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COVID vaccines linked to many serious health-related issues

The Global Vaccine Data Network (GVDN) recently conducted a comprehensive evaluation of 13 neurological, blood, and heart-related medical conditions to determine if there is an increased risk following COVID-19 vaccination

The research, hosted at the University of Auckland, is part of the Global COVID Vaccine Safety Project. The experts analyzed a vast dataset covering 99 million individuals across eight countries. Overall, the data encompassed more than 23 million person-years of follow-up.

Study significance 

“As of November 2023, at least 70.5% of the world’s population had received at least one dose of a COVID-19 vaccine,” wrote the researchers.

“This unparalleled scenario underscores the pressing need for comprehensive vaccine safety monitoring as very rare adverse events associated with COVID-19 vaccines may only come to light after administration to millions of individuals.”

Critical new insights into COVID vaccines

The research pinpointed pre-established safety signals for myocarditis and pericarditis after mRNA vaccines. In addition, the experts identified safety signals for Guillain-Barré syndrome alongside cerebral venous sinus thrombosis post-viral vector vaccines. 

The team also identified possible safety signals for transverse myelitis following viral vector vaccines and acute disseminated encephalomyelitis after both viral vector and mRNA vaccines.

A detailed follow-up of these findings was carried out by the GVDN’s site in Victoria, Australia, with the outcomes and data accessible on GVDN’s interactive data dashboards for public scrutiny.

Identifying vaccine safety signals 

The methodology used for the study was an observed versus expected rates analysis. This type of evaluation is valuable for spotting potential vaccine safety signals. It scrutinizes the risk of developing a medical condition post-vaccination against a timeframe prior to the vaccine’s availability.

Study lead author Kristýna Faksová is an expert in the Department of Epidemiology Research at Statens Serum Institut in Copenhagen, Denmark.

“The size of the population in this study increased the possibility of identifying rare potential vaccine safety signals. Single sites or regions are unlikely to have a large enough population to detect very rare signals,” explained Faksová.

Broader implications of COVID vaccines

The initiative emphasizes transparency and effective communication with both the healthcare sector and the general public by making these data dashboards widely available.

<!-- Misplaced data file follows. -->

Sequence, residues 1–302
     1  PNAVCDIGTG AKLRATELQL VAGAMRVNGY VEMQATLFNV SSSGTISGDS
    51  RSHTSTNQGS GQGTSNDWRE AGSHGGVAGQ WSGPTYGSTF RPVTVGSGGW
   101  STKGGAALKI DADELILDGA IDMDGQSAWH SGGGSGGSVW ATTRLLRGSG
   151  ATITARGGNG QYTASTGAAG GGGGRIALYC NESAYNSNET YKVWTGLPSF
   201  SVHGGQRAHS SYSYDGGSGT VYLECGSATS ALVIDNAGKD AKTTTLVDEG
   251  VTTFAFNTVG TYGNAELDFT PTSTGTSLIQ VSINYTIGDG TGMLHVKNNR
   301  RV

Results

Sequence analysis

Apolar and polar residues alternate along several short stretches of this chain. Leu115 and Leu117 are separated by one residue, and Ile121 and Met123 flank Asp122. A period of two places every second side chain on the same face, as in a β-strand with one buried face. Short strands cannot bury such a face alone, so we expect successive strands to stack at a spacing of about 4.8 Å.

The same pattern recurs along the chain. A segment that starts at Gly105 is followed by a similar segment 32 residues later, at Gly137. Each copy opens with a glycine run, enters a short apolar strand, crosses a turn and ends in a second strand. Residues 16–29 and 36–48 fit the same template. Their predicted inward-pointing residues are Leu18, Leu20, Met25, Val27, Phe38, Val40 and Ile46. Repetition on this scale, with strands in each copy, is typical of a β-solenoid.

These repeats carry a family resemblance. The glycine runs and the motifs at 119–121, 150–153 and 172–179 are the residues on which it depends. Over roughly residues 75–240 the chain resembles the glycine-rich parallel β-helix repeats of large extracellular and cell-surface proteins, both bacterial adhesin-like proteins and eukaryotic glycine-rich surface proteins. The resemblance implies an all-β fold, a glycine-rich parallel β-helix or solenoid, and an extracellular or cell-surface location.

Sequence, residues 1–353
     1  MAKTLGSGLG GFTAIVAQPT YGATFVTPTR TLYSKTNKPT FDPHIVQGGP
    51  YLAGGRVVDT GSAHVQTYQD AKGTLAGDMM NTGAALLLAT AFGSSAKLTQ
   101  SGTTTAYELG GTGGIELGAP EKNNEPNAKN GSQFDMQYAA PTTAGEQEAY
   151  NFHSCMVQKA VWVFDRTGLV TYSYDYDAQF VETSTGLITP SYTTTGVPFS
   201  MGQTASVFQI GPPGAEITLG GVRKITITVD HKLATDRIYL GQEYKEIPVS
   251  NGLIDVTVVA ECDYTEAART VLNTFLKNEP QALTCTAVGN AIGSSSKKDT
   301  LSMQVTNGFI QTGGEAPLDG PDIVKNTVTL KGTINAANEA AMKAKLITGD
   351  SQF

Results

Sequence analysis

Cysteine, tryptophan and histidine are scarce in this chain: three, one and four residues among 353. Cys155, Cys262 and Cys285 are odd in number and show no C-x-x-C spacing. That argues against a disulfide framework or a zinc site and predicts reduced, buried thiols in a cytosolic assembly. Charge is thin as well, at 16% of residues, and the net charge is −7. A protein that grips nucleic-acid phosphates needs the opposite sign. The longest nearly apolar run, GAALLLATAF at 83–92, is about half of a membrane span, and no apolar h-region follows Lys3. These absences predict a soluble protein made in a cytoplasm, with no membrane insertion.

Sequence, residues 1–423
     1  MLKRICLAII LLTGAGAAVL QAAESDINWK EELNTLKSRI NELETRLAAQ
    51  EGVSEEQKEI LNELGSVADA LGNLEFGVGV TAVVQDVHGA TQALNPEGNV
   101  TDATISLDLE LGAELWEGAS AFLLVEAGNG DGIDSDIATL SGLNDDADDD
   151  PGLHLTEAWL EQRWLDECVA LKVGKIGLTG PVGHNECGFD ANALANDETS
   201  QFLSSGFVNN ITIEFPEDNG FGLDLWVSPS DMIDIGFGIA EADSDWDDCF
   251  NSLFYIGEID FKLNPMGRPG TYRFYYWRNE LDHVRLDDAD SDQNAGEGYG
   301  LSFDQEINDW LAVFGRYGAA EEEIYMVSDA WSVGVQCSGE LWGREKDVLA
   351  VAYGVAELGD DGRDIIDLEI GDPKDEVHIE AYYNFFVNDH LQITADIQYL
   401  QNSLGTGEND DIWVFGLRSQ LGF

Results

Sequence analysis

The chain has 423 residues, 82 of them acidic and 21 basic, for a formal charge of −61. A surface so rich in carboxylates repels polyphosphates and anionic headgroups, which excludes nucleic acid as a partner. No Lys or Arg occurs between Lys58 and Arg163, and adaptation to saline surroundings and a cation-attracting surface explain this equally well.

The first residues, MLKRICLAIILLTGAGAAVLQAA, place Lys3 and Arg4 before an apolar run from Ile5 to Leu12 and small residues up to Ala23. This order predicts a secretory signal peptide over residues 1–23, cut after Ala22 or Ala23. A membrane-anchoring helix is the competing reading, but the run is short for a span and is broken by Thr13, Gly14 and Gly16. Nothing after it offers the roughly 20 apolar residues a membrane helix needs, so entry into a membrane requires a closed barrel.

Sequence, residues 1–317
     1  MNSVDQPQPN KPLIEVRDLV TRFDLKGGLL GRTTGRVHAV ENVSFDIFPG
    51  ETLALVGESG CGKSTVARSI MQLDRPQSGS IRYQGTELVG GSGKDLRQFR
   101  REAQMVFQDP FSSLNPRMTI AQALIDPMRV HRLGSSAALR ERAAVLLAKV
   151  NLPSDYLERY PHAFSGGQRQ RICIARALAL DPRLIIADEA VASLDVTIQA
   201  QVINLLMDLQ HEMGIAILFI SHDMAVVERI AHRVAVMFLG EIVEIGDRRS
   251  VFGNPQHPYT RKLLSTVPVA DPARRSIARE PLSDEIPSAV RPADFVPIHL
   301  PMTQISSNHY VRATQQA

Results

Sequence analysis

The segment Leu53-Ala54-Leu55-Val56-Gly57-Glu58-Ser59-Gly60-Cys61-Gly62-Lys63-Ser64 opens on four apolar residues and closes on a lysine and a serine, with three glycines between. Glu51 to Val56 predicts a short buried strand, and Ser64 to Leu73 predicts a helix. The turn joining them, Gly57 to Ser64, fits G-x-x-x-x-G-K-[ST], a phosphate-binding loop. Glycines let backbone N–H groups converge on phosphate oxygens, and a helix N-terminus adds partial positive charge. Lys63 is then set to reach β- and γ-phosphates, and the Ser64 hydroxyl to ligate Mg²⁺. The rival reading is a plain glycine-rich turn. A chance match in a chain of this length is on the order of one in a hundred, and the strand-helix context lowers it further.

“GVDN supports a coordinated global effort to assess vaccine safety and effectiveness so that vaccine questions can be addressed in a more rapid, efficient, and cost-effective manner. We have a number of studies underway to build upon our understanding of vaccines and how we understand vaccine safety using big data,” said GVDN Co-Director Dr. Steven Black.

“By making the data dashboards publicly available, we are able to support greater transparency, and stronger communications to the health sector and public,” added GVDN Co-Director Dr. Helen Petousis-Harris.

Further research is needed

The GCoVS Project is supported by the Centers for Disease Control and Prevention (CDC). The project enables the comparison of vaccine safety across a wide range of global populations. This highlights its significance in the broader context of vaccine research and public health.

“While our study confirmed previously identified rare safety signals following COVID-19 vaccination and contributed evidence on several other important outcomes, further investigation is warranted to confirm associations and assess clinical significance,” concluded the study authors. 

COVID vaccines 

Covid vaccines represent a monumental effort in the history of medicine. Researchers around the world quickly identified the genetic makeup of the virus, laying the groundwork for vaccine development. 

Next, companies and academic institutions rapidly developed and tested vaccine candidates through unprecedented collaboration.

Various technologies 

The most notable COVID vaccines, such as those developed by Pfizer-BioNTech and Moderna, employ various technologies. These vaccines use mRNA technology, which instructs cells to produce a protein that triggers an immune response

AstraZeneca-Oxford and Johnson & Johnson, on the other hand, use viral vector technology. This involves a harmless virus delivering genetic material from SARS-CoV-2 to stimulate the body’s immune defense.

Massive campaigns

Regulatory agencies across the globe conducted rigorous reviews to ensure the vaccines’ safety and efficacy before granting emergency use authorizations. Following approval, governments and health organizations launched massive vaccination campaigns to distribute doses worldwide.

The study is published in the journal Vaccine.


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